There was a period of time where I forced myself to learn video editing on terminal with ffmpeg. No, it’s not that I was some go-getter hotshot. It’s just that when I switched to a niche CPU architecture, the non-linear graphical video editors that were in my distro’s repository at the time didn’t want to play nicely.
But, even though the GUI editors are now working well on my system, I still often use ffmpeg to this day to edit moderately simple clips because it’s just faster and cleaner. I want to share some of the more common edits that I find myself using. The learning curve really isn’t so bad.
ffmpeg -i video.mp4 -ss 00:03:10 -t 00:00:15 -c copy output.mp4
-i specifies the source file. -ss specifies the start time. -t sets the duration (this example ending 15 seconds after the start time). -c copy instructs ffmpeg to write that segment of the file without rendering anything. It’s incredibly fast but can leave some paused frames at the end of the clip.
ffmpeg -i video.mp4 -ss 00:00:07 -t 00:00:03 -f gif output.gif
This example will create a 3 second long gif from a source video starting 7 seconds in. It is simple but can be a bit grainy.
ffmpeg -i video.mp4 -ss 00:00:42 -t 00:00:10 -filter_complex "[0:v] fps=12,scale=480:-1" -f gif output.gif
-filter_complex allows us to add trailing parameters which, in this example, specify to edit only the video and set it to 12 fps at a width of 480 pixels. The trailing -1 just keeps the aspect ratio.
You can also use -filter_complex to crop a region by passing parameters like crop=400:400:100:0,fps=15,scale=360:-1. The crop inputs are ordered as =width:height:pixels from left:pixels from top.
Or to just crop video you can use the simpler -filter:v.
ffmpeg -i video.mp4 -filter:v "crop=360:240:70:200" output.mp4
ffmpeg -i video.mp4 -vf scale=480:-2 output.mp4
Like with gif making, the trailing -2 maintains aspect ratio. Otherwise you can specify custom width:height.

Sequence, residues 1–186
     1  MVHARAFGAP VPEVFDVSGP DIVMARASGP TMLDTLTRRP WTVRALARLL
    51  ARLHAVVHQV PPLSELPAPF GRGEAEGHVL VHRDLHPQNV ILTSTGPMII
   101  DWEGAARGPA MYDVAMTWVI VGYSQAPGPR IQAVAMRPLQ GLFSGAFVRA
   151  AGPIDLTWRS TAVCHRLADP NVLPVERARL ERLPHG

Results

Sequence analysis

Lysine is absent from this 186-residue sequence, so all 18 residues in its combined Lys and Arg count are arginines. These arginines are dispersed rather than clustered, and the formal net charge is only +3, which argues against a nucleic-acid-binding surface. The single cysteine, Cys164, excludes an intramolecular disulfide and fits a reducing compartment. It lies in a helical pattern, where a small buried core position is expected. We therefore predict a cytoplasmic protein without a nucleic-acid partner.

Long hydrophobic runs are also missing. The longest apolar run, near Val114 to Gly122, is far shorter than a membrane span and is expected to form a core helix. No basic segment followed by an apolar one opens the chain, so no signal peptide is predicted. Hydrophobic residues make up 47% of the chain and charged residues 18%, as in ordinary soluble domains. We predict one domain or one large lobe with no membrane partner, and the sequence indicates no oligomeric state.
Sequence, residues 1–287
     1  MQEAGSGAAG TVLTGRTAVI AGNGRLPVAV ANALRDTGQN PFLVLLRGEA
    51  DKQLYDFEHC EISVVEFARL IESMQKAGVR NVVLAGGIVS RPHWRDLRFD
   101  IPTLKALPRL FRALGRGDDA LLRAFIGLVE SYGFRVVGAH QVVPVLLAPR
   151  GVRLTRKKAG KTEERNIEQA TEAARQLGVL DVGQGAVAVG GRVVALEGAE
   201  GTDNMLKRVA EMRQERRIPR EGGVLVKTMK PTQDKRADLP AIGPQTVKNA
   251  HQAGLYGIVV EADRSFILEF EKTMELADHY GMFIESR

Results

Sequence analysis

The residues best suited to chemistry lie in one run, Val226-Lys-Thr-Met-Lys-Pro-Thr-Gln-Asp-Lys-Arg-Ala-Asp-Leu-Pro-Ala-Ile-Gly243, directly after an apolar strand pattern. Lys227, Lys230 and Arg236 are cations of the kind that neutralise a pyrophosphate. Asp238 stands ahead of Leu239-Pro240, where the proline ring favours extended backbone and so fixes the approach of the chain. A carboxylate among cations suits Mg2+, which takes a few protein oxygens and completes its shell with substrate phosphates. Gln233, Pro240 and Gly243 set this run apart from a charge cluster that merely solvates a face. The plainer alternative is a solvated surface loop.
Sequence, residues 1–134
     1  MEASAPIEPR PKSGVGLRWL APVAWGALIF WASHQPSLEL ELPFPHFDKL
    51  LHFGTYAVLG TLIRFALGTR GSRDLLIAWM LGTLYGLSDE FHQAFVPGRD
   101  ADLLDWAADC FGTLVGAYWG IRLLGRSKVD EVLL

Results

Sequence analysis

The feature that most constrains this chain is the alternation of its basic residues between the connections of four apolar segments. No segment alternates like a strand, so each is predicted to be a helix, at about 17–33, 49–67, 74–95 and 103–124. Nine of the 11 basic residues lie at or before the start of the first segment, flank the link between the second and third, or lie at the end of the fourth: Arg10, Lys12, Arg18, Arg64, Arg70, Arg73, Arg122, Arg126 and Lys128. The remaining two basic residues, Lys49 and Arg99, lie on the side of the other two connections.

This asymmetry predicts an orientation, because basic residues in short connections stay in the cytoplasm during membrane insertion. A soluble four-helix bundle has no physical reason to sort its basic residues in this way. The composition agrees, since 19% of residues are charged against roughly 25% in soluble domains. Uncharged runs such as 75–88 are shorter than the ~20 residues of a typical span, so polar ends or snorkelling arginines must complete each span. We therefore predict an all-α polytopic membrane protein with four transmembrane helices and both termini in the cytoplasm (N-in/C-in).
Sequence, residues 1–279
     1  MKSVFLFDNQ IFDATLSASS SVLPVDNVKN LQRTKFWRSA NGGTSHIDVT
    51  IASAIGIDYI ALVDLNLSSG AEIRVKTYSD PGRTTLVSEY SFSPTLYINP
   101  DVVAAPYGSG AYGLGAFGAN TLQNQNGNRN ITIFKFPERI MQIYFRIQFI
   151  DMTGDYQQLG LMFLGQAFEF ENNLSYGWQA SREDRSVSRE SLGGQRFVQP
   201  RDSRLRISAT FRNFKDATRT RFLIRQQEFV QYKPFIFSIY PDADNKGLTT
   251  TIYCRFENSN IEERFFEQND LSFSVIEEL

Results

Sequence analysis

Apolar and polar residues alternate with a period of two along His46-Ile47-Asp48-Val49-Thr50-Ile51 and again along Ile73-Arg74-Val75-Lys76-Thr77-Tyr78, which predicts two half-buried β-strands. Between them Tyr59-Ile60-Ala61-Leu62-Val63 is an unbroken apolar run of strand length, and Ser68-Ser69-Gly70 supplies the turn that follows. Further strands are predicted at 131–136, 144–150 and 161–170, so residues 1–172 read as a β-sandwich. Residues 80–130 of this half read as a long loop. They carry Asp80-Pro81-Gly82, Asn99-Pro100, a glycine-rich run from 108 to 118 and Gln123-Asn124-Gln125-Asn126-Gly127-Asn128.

Start by creating a control file and populate it with the names of the desired clips like so.
file 'clip_1.mp4' file 'clip_2.mp4' file 'clip_3.mp4'
Then feed the file list like you normally would a video source.
ffmpeg -f concat -safe 0 -i filelist.txt -c copy output.mp4
-f concat instructs ffmpeg to merge the files together. They generally need to be the same type of encoding, framerate and resolution as all the others so remember to adjust these ahead of time.
This could be useful if you want to present something on-screen momentarily or throughout the clip. I recommend images that have transparency if it’s an irregular shape.
ffmpeg -i video.mp4 -i image.png -filter_complex "[0:v][1:v] overlay=35:35:enable='between(t,0,48.5)'" -pix_fmt yuv420p -c:a copy output.mp4
Stream [ :v] is passed twice, one for the source video and one for the image. overlay= positions the image by distance from left:top and between(t,,) declares the start and end time in seconds for the image to appear.
ffmpeg -i video.mp4 -vn output.ogg
-vn blocks all video streams. Or to keep the raw audio without encoding (maybe you want to preserve song quality?).
ffmpeg -i video.mp4 -vn -acodec copy output.mp3
-acodec instructs copy to only handle the audio.
There are tons of other things ffmpeg can do. They refer to it as the swiss army knife of media conversion. It might be worth making some scripts out of these if there is some edit pass that you do a lot of. Maybe in a future post I’ll share some audio handling one liners.